Monday Books: Land of the mad and the fee

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The Independent Culture
TRAVELLING THROUGH America may be cheap and convenient, but that doesn't mean it ever takes you anywhere worth going. From its humungous retail stores on the outside of town, such as Bob's Discount Tire Warehouse or the Wholesale Bedding Galaxy, to its vast deserts, canyons and really tacky tract housing, America is a landscape in which everything grows bigger and more boring every day. While individualists such as Natty Bumppo or Huck Finn once rafted down rivers in search of free soil, today's highways are circulated endlessly by massive 18-wheelers bearing loads of crap to every factory outlet in sight.

In other words, the American jeremiad is no longer about seeking revelations about your nation, your God or yourself. Rather, it's about hunting down certifiable experience with your credit card, then bearing it home proudly on the roof of your car.

According to Bill Bryson, you can travel back and forth across America forever and never really discover anything you didn't already know. As a result of such comic diffidence, Bryson's best travel narratives (The Lost Continent, say, or Neither Here Nor There) are deliberately episodic and aimless. They don't record narrative progress but rather keep track of a series of increasingly foot-weary disenchantments.

The chief charm of Bryson's books lies in their precisely rendered details of everything mundane and obvious about American life, such as the unyielding corporate cheerfulness of suitably uniformed employees at chain stores and video outlets. Or the weird "landmarks" erected at the side of freeways to seduce the unwary into purchasing the unnecessary ("Experience the Atomic Rock Force Field... If You Dare! Just 147 Miles!" or "See the Dead Cow! Hours of Fun for the Whole Family!").

Then, of course, there's the baffling bounty of America's supermarket shelves, heaped full of such remarkable inventions as "jelly creme pies, moon pies, pecan spinwheels, peach mellos, root beer buttons, chocolate fudge devil dogs and a whipped marshmallow sandwich spread called Fluff, which came in a tub large enough to bath a baby in". For Bryson, America is awesome in its specificity. So much of everything, but none of it worth buying (with the possible exception of "breakfast pizza", that is.)

An American who spent most of his adult life in London and Yorkshire, Bryson returned to his native country in 1996, when he began writing the weekly columns for The Mail on Sunday collected here. Being an expatriate from two countries at once, Bryson's casual invective for everything shoddy about modern culture is committed with open-handed good spirit and rarely draws partisan lines. Bryson finds himself almost as stupid as, well, the rest of the world's stupid people. He considers the outdoor life just as confusing as the indoor one. And while there is probably nothing more awful to him than American television, he can still recall some pretty distressing nights checking out "featured highlights" in good old Britain, such as "Carry On Ogling, a nature special on the maggots of Lake Baikal, and a new Jeremy Beadle series called Ooh, I Think I May Be Sick. But even at its grimmest, even when you find yourself choosing between Prisoner: Cell Block H and Peter Snow being genuinely interested in European farm subsidies, British TV cannot begin to touch American television for the capacity to make you want to go out and lie down on a motorway".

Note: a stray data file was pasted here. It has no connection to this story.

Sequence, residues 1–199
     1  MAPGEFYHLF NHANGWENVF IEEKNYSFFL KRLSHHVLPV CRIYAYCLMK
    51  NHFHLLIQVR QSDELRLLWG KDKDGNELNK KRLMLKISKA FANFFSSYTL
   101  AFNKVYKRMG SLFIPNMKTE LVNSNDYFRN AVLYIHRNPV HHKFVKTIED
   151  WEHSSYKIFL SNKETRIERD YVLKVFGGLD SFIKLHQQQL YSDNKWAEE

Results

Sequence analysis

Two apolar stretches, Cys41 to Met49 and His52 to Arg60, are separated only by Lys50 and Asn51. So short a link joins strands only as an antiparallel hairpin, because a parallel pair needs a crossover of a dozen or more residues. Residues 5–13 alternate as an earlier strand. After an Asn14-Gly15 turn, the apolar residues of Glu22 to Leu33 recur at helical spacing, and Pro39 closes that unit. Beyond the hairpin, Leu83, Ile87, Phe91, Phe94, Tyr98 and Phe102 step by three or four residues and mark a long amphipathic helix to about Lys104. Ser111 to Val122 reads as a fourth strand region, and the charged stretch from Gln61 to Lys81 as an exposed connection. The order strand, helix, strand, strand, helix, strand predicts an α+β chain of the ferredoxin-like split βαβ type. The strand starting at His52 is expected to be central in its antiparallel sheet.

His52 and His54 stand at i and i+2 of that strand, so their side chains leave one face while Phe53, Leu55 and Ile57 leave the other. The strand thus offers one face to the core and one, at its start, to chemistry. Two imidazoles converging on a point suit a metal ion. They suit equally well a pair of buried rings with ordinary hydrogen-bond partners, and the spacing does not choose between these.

The column format is perfectly suited to Bryson's self-derogatory, almost sheepish sense of comic diversion. Each section is just long enough for him to take potshots at any phoniness to catch his eye. As a result, Notes From a Big Country is, in many ways, one of his best books. And it never takes itself too seriously, even when it has important things to say.

Like Bryson, Daniel Jeffreys' new travel book explores those American spaces people enjoy knowing about but would just as soon not visit for themselves. In many ways, Jeffreys' voice provides an antithesis to Bryson's. His prose possesses a fine, documentary clarity; he's seeking insights rather than gags; and he rarely ventures anywhere that doesn't offer a suitable dose of melodrama.

Keeping to the off-beat byways of America's Midwest, he encounters aspiring vampires, Jesus-worshipping rattlesnake-handlers, self-loading bounty hunters and the usual assortment of saucer-watchers, contract killers and obsessive compulsives, not to mention a healthy batch of fornicators (in Emmett, Idaho, it turns out, they put such notorious felons behind bars. And good riddance).

Despite much fine writing, though, America's Back Porch book feels a bit too familiar, and even its oddest subjects recall documentaries on Channel 4. But then, for all its vastness, there's something about America which is never new any more. As both of these books illustrate, there's probably too much of it to go around.